The Inter-Services Public Relations (ISPR) announcement of the successful test of Shaheen III, is a good testament of our preparedness in the face of regional security threats. In the backdrop of the recent Brahmos missile fiasco by New Delhi, reaffirming ballistic capabilities was absolutely vital.

Shaheen III has been tested before, but the one conducted on this occasion was reportedly a revalidation of design and technical specifications. As a responsible nuclear power, the armed forces of Pakistan place great emphasis and value on ensuring that all missiles—both with and without payloads—are fine tuned to perfection. Contrast this to the recent slip up of the Indian military apparatus in the form of the Brahmos missile that made its way over to Pakistan, and the complete ignorance expressed by the civil and military leadership of the country. The difference in maturity and responsibility as nuclear powers is stark.

Shaheen III’s importance in our strike capability cannot be overstated. It is a surface-to-surface missile capable of payloads at extremely long ranges; reportedly all the way to India’s farthest territory 2750 kilometres away. Another important aspect is the Post-Separation Altitude Correction (PSAC) system, which helps in dynamically adjusting and changing trajectories after a payload has been launched. This is an important aspect of modern missile systems, especially for long-range targets.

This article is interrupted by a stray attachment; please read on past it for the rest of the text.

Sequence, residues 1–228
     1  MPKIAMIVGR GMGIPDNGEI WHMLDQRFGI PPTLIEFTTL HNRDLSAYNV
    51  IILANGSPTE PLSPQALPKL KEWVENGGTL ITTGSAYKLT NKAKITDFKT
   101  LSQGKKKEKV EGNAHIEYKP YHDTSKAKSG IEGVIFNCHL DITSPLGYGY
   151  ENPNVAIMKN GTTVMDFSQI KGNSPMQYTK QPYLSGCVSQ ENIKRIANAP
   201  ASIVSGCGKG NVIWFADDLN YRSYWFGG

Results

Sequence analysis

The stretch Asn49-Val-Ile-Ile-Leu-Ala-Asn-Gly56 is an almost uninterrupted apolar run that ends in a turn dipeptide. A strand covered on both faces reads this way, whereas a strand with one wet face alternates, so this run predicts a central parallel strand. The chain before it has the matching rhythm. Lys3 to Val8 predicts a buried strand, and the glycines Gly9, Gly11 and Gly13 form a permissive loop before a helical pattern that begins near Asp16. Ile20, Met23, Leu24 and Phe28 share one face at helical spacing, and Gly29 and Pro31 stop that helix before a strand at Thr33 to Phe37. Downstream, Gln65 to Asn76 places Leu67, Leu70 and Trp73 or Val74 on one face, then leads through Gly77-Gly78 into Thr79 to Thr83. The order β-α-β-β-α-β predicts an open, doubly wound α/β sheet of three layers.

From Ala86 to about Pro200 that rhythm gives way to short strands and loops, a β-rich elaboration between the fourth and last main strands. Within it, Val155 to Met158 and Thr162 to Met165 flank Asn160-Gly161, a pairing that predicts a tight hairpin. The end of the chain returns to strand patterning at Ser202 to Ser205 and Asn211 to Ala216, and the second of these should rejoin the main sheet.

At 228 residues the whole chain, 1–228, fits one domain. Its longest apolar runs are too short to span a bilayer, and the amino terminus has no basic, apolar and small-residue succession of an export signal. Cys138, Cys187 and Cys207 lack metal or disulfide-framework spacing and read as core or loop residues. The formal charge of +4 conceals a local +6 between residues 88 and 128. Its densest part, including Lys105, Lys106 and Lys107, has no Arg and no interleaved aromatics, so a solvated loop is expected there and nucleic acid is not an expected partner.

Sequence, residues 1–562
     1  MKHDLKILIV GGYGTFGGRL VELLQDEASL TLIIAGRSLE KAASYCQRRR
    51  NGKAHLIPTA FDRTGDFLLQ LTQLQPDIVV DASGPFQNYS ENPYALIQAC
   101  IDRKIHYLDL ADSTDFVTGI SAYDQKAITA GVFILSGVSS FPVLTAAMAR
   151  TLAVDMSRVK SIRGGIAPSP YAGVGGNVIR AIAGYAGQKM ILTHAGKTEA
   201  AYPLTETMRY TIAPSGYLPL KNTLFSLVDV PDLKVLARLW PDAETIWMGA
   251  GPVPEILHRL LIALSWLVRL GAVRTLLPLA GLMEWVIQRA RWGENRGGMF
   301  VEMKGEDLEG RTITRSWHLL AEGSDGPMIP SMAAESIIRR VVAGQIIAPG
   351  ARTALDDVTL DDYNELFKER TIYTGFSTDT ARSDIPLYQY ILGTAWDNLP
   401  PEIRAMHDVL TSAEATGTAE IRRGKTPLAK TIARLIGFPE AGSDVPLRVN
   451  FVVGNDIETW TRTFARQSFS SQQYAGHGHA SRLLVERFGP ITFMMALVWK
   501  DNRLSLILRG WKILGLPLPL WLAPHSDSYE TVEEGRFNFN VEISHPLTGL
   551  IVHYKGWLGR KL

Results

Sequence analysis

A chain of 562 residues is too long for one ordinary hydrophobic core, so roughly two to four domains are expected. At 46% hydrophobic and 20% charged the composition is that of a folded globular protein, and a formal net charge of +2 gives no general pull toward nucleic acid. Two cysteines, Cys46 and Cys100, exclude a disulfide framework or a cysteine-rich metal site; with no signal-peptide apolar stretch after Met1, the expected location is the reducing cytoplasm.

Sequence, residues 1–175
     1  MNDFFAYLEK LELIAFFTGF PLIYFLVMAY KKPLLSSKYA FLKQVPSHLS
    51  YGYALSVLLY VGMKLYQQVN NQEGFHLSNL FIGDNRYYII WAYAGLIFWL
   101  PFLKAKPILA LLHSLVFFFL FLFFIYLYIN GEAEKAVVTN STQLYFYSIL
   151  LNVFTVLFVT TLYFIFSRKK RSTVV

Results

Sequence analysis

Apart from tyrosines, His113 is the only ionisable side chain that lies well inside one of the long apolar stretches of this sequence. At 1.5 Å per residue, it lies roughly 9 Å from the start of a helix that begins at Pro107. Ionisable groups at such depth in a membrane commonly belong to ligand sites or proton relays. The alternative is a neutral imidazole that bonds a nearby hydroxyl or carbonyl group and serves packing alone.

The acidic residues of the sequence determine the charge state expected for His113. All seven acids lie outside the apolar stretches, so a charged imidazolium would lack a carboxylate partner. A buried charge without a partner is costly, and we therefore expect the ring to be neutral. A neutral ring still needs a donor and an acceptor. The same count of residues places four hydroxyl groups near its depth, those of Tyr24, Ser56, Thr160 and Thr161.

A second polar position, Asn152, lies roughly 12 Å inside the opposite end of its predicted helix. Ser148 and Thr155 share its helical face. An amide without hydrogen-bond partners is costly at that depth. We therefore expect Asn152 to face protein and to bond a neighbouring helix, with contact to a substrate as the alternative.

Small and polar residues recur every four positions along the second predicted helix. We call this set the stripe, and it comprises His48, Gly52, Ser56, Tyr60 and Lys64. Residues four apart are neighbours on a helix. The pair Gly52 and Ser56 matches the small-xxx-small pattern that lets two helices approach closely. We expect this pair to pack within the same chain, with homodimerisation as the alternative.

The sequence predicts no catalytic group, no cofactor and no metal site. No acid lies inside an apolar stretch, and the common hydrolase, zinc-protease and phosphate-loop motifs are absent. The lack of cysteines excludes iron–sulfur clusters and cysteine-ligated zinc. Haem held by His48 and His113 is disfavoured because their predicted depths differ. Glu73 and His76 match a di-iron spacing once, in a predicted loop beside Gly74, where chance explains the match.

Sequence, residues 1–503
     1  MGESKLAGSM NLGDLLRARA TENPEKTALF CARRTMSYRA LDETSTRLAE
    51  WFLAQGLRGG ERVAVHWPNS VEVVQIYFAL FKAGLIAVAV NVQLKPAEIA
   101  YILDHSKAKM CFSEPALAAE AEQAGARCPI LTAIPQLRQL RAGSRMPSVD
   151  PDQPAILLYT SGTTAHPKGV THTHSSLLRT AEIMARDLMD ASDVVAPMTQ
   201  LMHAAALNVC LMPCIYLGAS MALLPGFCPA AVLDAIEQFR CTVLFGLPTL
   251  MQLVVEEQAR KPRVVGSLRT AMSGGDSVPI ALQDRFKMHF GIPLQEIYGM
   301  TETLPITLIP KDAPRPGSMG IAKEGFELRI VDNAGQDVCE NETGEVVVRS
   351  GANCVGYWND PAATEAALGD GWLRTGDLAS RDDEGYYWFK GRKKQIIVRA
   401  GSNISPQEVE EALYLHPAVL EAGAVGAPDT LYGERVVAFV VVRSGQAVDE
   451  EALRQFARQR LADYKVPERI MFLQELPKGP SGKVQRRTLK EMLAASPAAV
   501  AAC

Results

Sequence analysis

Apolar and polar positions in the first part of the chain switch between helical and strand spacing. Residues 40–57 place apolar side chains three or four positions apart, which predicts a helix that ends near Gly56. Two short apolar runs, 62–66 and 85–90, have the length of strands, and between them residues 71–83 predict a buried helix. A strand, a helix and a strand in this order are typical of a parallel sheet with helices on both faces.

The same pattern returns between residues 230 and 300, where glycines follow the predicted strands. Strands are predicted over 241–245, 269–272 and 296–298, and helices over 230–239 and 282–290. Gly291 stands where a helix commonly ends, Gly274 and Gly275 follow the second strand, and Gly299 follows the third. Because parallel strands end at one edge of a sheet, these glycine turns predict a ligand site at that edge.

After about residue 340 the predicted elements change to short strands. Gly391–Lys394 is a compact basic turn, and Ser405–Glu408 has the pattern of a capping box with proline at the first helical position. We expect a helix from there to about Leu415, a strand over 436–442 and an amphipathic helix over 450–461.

With more research and development in payload systems, each new innovation or technical improvement helps in securing Pakistan against irresponsible brokers of conflict in the region and beyond. The potential here however, goes beyond mere security. It opens up avenues for both export and further innovation and development.

History has shown that investment and research into military technology has also yielded benefits for the average citizen or in the overall improvement of quality of life. To do this we must reach the levels of cutting-edge research that the most developed states are at. Naturally this will require both time and investment, but importantly, a partnership with the country’s best minds in civilian and military institutions to work together towards exploring new technology and innovation.